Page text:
Niccol wrote the script for “The Host,” but Meyer was intimately involved in the process. “They worked very closely together, I know that,” Abel said. “I think his first draft was around three hundred pages. He even doubted himself at the time [about] boiling it down to a hundred pages. I know a few characters were left out. But what’s surprising is out of over a six hundred page novel I think he found the quintessential moments that define not only the story, but each character. And he was able to boil them down, the nucleus of each one of those, into the final film. And I don’t think it jeopardized the integrity of any character or the story. [And] Stephanie has said that visually, Andrew has made it better. The aesthetic…was all Andrew’s heightening of her vision.”

Asked whether the inevitable comparisons to the “Twilight” behemoth caused them any concern during the shoot, Abel added, “Maybe a lot of other people felt that, but that was never a cause of concern to any one of us. We tried to, not avoid I at all cost, but we’re lucky it’s not our job to worry about past work. That allows us to make this film at this moment, and Stephanie’s not thinking about ‘Twilight.’ Maybe the people with the money are.”

Irons added, “It is what it is. I think Stephanie created a fantastic universe in ‘The Host.’ And ‘Twilight’ was such a success that every new young adult fiction—book, film—is being compared to it, or anticipated to become the next ‘Twilight.’ And that’s just because we had never seen a phenomenon like ‘Twilight.’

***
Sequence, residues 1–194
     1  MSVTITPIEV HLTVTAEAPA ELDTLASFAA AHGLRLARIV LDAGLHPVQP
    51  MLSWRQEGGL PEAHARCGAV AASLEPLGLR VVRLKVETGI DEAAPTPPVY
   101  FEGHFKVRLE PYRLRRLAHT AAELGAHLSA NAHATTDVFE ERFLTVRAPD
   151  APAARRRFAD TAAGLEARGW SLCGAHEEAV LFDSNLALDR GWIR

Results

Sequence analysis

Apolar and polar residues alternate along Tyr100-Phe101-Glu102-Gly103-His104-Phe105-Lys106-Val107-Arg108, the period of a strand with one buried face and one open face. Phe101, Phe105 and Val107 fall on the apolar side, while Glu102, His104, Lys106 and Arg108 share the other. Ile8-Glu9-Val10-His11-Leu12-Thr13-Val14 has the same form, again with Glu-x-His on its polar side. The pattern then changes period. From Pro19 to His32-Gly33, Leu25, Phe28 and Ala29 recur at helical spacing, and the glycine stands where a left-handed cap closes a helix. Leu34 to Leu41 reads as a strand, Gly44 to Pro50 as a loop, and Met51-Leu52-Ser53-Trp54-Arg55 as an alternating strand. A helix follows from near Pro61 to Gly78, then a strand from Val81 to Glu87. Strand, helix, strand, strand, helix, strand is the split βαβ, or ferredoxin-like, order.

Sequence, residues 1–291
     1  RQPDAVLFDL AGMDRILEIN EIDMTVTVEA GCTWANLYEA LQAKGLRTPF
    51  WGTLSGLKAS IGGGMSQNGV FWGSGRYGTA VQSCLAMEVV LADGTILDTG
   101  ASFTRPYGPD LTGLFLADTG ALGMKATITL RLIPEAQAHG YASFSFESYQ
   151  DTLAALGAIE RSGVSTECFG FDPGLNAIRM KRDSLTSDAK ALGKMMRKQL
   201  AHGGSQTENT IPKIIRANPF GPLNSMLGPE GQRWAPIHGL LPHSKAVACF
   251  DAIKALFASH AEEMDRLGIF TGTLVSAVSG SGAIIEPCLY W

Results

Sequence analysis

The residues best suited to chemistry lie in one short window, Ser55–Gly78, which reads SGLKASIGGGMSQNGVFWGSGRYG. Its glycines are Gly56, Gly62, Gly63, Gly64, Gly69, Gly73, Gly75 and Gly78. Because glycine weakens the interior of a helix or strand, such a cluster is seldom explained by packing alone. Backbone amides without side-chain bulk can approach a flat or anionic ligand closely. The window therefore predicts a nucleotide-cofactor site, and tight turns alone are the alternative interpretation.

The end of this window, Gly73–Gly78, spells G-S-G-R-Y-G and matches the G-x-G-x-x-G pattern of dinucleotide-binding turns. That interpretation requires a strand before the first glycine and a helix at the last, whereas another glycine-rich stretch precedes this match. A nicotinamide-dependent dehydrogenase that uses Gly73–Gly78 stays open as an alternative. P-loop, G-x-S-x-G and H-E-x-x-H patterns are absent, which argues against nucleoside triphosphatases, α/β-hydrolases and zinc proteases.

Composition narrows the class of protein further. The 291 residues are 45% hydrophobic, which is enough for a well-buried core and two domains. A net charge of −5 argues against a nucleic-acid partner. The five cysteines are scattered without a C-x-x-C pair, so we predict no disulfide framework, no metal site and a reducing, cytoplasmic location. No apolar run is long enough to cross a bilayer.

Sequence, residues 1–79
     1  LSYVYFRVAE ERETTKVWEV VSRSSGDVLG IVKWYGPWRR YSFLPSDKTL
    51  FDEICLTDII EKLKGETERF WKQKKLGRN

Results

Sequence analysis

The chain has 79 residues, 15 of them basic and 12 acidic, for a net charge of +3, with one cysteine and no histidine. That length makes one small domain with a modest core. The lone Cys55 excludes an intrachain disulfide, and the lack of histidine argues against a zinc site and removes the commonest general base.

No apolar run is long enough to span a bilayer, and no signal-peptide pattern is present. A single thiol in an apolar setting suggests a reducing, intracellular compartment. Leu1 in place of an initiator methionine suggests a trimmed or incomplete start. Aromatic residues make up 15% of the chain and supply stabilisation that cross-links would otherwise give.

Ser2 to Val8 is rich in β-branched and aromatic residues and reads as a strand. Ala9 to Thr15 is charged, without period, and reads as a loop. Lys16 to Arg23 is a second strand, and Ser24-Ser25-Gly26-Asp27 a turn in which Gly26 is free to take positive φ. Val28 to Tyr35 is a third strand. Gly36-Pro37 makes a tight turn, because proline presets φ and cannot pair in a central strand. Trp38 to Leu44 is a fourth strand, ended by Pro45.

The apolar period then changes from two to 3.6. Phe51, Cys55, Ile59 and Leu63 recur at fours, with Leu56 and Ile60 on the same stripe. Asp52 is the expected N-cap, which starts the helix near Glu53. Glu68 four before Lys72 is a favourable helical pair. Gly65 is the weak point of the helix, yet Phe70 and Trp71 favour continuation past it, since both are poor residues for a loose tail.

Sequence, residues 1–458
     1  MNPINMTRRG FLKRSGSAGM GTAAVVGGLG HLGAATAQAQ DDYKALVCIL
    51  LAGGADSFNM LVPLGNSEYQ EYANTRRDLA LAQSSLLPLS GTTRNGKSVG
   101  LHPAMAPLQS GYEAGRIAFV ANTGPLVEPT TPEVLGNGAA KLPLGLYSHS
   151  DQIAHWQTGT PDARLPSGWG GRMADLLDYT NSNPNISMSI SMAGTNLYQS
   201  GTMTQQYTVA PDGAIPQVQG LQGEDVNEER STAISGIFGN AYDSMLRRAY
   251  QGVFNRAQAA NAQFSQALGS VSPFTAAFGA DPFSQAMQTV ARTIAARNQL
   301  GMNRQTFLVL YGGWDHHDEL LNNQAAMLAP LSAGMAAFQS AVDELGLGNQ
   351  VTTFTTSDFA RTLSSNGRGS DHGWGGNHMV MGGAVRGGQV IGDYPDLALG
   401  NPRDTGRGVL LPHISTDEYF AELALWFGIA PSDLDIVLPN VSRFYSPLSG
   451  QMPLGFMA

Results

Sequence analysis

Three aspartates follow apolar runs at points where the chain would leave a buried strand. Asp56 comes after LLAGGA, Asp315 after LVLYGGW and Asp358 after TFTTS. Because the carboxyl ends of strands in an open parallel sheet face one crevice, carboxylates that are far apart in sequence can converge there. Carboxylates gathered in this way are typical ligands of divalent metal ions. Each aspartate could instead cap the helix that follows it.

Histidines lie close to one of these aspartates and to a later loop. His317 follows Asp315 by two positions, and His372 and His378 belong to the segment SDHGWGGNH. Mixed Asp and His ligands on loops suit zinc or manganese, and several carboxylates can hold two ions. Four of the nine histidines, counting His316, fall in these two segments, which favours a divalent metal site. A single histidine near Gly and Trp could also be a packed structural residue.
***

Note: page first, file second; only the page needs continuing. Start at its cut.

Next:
Abel noted, “For me, the thing that actually drew me to it—because I think it’s such an interesting and unique problem for a character, for an actor to have–[was that he loses the woman he loves, but then the physical form comes back as a daily reminder of what he’s lost. But then… he not only has to deal with that problem, but then to discover that the girl you once loved isn’t in fact dead, but is in fact trapped inside [that form]. And two guys deal with the problem completely differently. I think it’s a unique love square.”

Irons agreed: “I think Ian’s big obstacle is that she’s not of our species. And that’s what Andrew told me before I went and read for Ian…. One reason I love Ian is because he’s got this inter-species emotion that’s developing in a very strange, peculiar way.”

“The Host” is a love story, but it’s also a sci-fi piece in which the aliens can be perceived not so much as threatening, but as beneficent, attempting through their connection with earthlings to eradicate human frailties from the species in order to leave a peaceful, harmonious society behind after their departure to yet another planet. Abel emphasized how that makes the picture different from previous ones: “That’s one of the questions it poses—do we deserve this earth, [given] what we’re doing to it and to each other? And in the end I think it allows you to figure that out for yourself. I think what’s more important and interesting than Team Ian and Team Jared is Team Humans and Team Aliens, really, because that’s the bigger question.

“It’s the kind of spectacle we haven’t seen before, because we’re so used to the ships coming in and blowing up the White House and Will Smith saving the day. I love that, don’t get me wrong! But it’s cool to see something like this that hasn’t been done before.”